< News | 08.01.2020



Swiss Re’s group chief economist Jerome Haegeli tells Luke Holloway how insurers can remain resilient in an uncertain economic climate

The current state of the global economy is given a stark summary by Jerome Haegeli, group chief economist for Swiss Re.

“It is weak, fragile and uncertain,” says Mr Haegeli. “We see in our data that growth is already slowing down – half of Europe is stagnating or even in recession.”

Speaking to The Journal at Swiss Re’s launch of the Sigma Global Economic and Insurance Outlook 2020/21, Mr Haegeli warns that global economic growth will weaken in the next two years, but that the “engine” of global growth will be emerging markets in Asia and, in particular, China.

“In 2019, the US has seen fairly strong growth, however, austerity from the past; lower interest rates; changes in tax; and now the burden of the trade war; is all taking its toll on the US as well as other major economies.

“Risk number one is the trade war – the escalation of trade tensions between the US and China. It is not going away anytime soon and that is why the global economic outlook is soft, no question about that.

“On top of that, it is fewer than 10 years since the global economic crisis and since then, global debt has increased by $70trn (£53.1trn), negative yielding debt is now at $15trn (£11.5trn) and, despite huge fiscal expansion and massive monetary policy action, economic trade growth and productivity globally is low at about 2%. I would say that today, it is less resilient in terms of its capacity to absorb new shocks than it was 10 years ago.”

That is why, according to Mr Haegeli, it is important for the insurance sector – not just for shareholder benefit, but also for economic stability – to look for ways to further lower protection gaps.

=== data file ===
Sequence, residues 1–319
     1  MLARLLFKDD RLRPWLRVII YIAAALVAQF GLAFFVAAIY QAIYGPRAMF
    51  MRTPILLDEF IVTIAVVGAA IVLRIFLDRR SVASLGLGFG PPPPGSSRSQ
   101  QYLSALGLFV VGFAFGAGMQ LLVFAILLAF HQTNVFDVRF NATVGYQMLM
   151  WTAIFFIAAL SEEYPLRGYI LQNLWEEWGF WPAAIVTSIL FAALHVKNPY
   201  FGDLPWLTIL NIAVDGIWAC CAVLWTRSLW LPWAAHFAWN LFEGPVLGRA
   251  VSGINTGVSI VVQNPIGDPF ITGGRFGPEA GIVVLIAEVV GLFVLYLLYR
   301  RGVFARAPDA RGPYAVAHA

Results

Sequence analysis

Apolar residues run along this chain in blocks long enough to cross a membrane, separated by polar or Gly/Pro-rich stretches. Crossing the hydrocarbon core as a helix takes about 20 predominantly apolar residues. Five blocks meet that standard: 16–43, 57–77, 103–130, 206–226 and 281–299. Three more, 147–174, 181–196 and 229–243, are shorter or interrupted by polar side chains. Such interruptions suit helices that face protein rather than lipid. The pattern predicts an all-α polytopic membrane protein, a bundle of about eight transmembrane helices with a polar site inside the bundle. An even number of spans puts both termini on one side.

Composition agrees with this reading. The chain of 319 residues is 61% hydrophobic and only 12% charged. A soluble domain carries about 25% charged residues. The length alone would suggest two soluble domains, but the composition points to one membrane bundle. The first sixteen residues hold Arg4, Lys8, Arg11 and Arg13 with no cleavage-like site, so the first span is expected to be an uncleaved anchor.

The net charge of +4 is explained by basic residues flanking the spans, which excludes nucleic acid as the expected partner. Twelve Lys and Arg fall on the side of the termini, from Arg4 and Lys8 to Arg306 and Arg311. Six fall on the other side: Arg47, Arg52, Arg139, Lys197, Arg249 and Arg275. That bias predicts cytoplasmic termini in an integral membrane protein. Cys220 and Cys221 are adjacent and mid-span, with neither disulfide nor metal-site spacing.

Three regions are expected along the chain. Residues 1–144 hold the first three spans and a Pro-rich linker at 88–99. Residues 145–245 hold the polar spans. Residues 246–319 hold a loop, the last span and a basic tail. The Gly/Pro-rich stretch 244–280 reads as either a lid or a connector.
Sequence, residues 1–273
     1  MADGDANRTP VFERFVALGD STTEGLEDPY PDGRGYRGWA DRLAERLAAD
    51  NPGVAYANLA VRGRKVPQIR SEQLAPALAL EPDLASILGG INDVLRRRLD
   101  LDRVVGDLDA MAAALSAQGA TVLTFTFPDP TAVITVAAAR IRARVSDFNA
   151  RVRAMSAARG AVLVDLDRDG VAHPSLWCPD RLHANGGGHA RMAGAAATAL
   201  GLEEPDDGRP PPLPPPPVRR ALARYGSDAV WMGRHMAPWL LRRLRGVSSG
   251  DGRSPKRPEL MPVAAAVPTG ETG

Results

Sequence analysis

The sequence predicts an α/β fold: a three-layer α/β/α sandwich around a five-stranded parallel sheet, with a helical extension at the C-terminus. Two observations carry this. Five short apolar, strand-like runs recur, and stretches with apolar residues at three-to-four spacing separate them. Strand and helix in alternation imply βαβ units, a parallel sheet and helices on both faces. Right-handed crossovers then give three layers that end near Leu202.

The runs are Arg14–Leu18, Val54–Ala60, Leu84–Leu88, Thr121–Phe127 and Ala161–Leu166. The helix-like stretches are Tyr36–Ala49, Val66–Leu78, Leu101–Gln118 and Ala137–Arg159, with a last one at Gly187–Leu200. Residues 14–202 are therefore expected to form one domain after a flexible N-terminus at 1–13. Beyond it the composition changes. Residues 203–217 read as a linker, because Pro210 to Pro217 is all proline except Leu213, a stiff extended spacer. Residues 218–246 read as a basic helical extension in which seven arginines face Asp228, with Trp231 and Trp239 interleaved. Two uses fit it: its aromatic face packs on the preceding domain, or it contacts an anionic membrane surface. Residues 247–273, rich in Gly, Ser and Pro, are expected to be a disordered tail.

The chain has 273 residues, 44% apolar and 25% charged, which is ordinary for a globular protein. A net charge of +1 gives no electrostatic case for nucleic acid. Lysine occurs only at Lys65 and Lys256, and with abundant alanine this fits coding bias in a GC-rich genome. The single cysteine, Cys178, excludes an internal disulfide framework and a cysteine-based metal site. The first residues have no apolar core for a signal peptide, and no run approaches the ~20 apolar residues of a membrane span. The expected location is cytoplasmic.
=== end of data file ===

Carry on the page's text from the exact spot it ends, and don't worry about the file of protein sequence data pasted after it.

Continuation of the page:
“Swiss Re estimates the protection gap at $1.2trn (£911bn) globally, in premium-equivalent terms. That is a record high level and double the amount it was 10 years ago,” he explains.


So, what else can insurers do against a backdrop of an uncertain economic climate to make sure they remain resilient?

“Underwriting discipline. I almost don’t want to say it as it sounds so simplistic, but we need to keep up underwriting discipline,” says Mr Haegeli. “It is vital that insurers have a good understanding of investment risks on the asset management front. If you break down the profitability of an insurance company, almost 50% of all of investments are in the triple-B space, which means ‘be cautious’ – you must have good steering on investment strategy and asset location and be able to react swiftly.

“Also, insurance companies that can differentiate themselves and stand out from the crowd will succeed. Those that embrace technology, especially within underwriting, increase digitalisation and are early adopters of automation – that will differentiate you positively.”

Mr Haegeli stresses that insurance remains a hugely significant market that can continue to experience growth even in an economic environment that is softening.